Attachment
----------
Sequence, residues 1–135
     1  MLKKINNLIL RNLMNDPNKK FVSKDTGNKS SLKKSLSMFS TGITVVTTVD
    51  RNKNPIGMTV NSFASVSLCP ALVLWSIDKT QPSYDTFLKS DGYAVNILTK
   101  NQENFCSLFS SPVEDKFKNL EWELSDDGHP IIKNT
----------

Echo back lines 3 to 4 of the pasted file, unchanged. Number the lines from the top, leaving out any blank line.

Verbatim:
    51  RNKNPIGMTV NSFASVSLCP ALVLWSIDKT QPSYDTFLKS DGYAVNILTK
   101  NQENFCSLFS SPVEDKFKNL EWELSDDGHP IIKNT